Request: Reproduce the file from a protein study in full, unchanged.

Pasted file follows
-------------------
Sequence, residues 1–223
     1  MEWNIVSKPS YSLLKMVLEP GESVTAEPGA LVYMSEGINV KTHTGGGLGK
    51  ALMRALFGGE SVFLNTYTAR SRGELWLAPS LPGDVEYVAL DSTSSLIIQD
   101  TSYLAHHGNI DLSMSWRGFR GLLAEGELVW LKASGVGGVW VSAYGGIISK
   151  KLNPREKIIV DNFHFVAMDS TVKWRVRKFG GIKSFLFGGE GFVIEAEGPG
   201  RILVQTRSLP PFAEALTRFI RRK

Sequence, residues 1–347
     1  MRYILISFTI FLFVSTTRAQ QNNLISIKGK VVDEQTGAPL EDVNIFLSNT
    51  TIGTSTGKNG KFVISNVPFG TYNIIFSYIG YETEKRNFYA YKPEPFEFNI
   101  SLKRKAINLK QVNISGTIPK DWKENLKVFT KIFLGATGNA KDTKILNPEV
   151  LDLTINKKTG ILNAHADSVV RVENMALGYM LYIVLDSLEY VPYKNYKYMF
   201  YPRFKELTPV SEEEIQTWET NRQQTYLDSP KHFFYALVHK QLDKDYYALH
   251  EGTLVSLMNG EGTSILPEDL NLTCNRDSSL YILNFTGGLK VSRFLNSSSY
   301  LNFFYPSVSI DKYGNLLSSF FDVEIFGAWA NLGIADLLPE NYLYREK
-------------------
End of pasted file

Sequence, residues 1–223
     1  MEWNIVSKPS YSLLKMVLEP GESVTAEPGA LVYMSEGINV KTHTGGGLGK
    51  ALMRALFGGE SVFLNTYTAR SRGELWLAPS LPGDVEYVAL DSTSSLIIQD
   101  TSYLAHHGNI DLSMSWRGFR GLLAEGELVW LKASGVGGVW VSAYGGIISK
   151  KLNPREKIIV DNFHFVAMDS TVKWRVRKFG GIKSFLFGGE GFVIEAEGPG
   201  RILVQTRSLP PFAEALTRFI RRK

Sequence, residues 1–347
     1  MRYILISFTI FLFVSTTRAQ QNNLISIKGK VVDEQTGAPL EDVNIFLSNT
    51  TIGTSTGKNG KFVISNVPFG TYNIIFSYIG YETEKRNFYA YKPEPFEFNI
   101  SLKRKAINLK QVNISGTIPK DWKENLKVFT KIFLGATGNA KDTKILNPEV
   151  LDLTINKKTG ILNAHADSVV RVENMALGYM LYIVLDSLEY VPYKNYKYMF
   201  YPRFKELTPV SEEEIQTWET NRQQTYLDSP KHFFYALVHK QLDKDYYALH
   251  EGTLVSLMNG EGTSILPEDL NLTCNRDSSL YILNFTGGLK VSRFLNSSSY
   301  LNFFYPSVSI DKYGNLLSSF FDVEIFGAWA NLGIADLLPE NYLYREK